Australians wanting to return home from overseas will have to wait longer after the government halved international flight arrivals to ease pressure on hotel quarantine systems.
Returning Australians will also be made to pay for mandatory two-week stays in hotel quarantine as the country tries to manage the dramatic increase in coronavirus cases.
Prime Minister Scott Morrison announced the changes after a national cabinet meeting with state and territory leaders on Friday.
The reduction of flight arrivals from Monday will mean 4000 fewer people can return home every week.
All states will soon charge people for their fortnight in quarantine.
Victoria recorded 288 new cases on Friday, the highest daily increase of any state since the pandemic began.
The state now has over 1000 active cases, up from 60 last month.
"The news from Victoria remains very concerning," Mr Morrison told reporters in Canberra.
He said the Melbourne outbreak showed how important it was for people to keep their distance from each other.
"It is still not OK for hugs and handshakes," he said.
"It's important to maintain the discipline of the social distancing behind closed doors, not just out in the public space."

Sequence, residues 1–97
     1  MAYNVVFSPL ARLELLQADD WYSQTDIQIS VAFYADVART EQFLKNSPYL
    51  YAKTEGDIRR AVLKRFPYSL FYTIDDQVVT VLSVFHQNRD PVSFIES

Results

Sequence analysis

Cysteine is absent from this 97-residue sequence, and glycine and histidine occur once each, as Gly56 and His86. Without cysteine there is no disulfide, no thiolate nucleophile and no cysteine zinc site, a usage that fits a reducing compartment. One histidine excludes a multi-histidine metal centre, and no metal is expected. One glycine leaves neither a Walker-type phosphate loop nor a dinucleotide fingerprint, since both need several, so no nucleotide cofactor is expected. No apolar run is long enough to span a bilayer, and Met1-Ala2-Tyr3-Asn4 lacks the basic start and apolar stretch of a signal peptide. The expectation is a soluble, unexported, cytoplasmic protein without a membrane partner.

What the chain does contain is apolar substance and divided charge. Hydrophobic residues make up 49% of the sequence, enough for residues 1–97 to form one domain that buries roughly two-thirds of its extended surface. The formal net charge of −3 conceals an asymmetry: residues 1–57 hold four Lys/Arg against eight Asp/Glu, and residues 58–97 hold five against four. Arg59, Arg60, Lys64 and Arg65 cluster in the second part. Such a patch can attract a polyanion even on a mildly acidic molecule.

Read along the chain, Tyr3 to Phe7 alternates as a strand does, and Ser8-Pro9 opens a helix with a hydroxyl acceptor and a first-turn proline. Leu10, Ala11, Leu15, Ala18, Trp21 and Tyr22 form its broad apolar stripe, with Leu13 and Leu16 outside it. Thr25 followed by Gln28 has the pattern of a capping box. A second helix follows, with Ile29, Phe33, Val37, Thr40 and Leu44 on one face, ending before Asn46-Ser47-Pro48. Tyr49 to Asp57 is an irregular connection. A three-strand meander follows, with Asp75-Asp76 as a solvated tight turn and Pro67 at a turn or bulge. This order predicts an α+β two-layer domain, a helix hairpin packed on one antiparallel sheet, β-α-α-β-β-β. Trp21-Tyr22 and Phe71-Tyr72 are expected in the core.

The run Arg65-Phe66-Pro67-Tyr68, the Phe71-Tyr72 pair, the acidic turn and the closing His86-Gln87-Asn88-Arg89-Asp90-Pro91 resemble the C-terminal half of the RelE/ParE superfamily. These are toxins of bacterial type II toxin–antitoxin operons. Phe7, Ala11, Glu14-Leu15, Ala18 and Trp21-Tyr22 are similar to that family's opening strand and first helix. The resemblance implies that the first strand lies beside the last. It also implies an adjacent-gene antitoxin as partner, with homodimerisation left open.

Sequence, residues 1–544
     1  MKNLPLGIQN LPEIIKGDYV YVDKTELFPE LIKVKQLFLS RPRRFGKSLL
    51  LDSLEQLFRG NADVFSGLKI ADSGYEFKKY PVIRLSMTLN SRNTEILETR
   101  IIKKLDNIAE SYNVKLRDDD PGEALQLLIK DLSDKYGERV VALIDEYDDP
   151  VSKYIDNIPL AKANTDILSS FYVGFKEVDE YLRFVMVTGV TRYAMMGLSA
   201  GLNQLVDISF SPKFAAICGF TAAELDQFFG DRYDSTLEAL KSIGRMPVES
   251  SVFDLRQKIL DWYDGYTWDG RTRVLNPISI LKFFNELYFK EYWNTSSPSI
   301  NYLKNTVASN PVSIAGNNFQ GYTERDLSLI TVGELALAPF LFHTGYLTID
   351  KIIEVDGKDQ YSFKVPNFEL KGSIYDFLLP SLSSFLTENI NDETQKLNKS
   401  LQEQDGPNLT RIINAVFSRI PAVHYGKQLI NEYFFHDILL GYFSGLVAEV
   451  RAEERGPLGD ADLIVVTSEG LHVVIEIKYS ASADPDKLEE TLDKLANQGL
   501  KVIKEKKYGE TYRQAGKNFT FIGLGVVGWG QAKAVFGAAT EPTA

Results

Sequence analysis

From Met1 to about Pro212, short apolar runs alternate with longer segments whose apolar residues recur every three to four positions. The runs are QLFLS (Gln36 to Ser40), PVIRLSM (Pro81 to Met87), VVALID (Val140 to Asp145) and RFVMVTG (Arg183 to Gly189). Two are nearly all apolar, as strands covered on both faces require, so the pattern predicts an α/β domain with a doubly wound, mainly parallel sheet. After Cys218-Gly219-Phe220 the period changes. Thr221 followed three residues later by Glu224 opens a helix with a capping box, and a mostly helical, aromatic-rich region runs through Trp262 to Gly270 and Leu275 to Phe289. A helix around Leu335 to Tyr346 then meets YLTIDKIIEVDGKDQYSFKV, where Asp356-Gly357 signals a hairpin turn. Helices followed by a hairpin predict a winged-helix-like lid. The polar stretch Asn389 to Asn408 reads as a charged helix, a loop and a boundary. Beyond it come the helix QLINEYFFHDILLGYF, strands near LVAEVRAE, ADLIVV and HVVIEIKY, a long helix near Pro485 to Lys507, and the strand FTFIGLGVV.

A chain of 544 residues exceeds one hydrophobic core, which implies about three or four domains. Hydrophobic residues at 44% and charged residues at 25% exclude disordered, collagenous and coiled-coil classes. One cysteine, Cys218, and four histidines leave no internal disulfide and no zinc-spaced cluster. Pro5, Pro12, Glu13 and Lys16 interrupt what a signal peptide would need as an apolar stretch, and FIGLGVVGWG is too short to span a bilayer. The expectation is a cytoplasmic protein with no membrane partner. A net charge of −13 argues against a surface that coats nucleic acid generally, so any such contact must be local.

Tasmania has delayed plans to reopen its domestic borders while Western Australia has put off a final easing of restrictions as they keep an eye on the Victorian situation.
NSW had 14 new cases and the state's health minister highlighted two of serious concern.
One was a man from Liverpool who was at the same pub last Saturday as a woman who tested positive earlier in the week. They did not know each other.
Health authorities have closed the Crossroads Hotel in Casula and set up a coronavirus testing centre in its carpark.
The second case was a man who had driven directly from Melbourne on the eve of the border closure to stay in a caravan park in the Sutherland area.
Health Minister Brad Hazzard said the state's biggest risk was people who had "ducked out of Melbourne" to evade lockdowns.
"Go home, go back to your area and comply with the government laws," he said.
The ACT had one new case on Friday, linked to four others related to the Melbourne outbreaks, while a US marine newly arrived in Darwin tested positive during initial quarantine screening.
Mr Morrison will speak with New Zealand Prime Minister Jacinda Ardern on Friday about the trans-Tasman travel bubble.
But he urged patience, with borders to remain shut for the foreseeable future.
In the past month, more than 28,000 people have arrived in Australia from overseas, with more than half landing in Sydney.
Former health department secretary Jane Halton will lead a review of hotel quarantine after breaches in Victoria's system fanned infection rates in Melbourne.
Australian Associated Press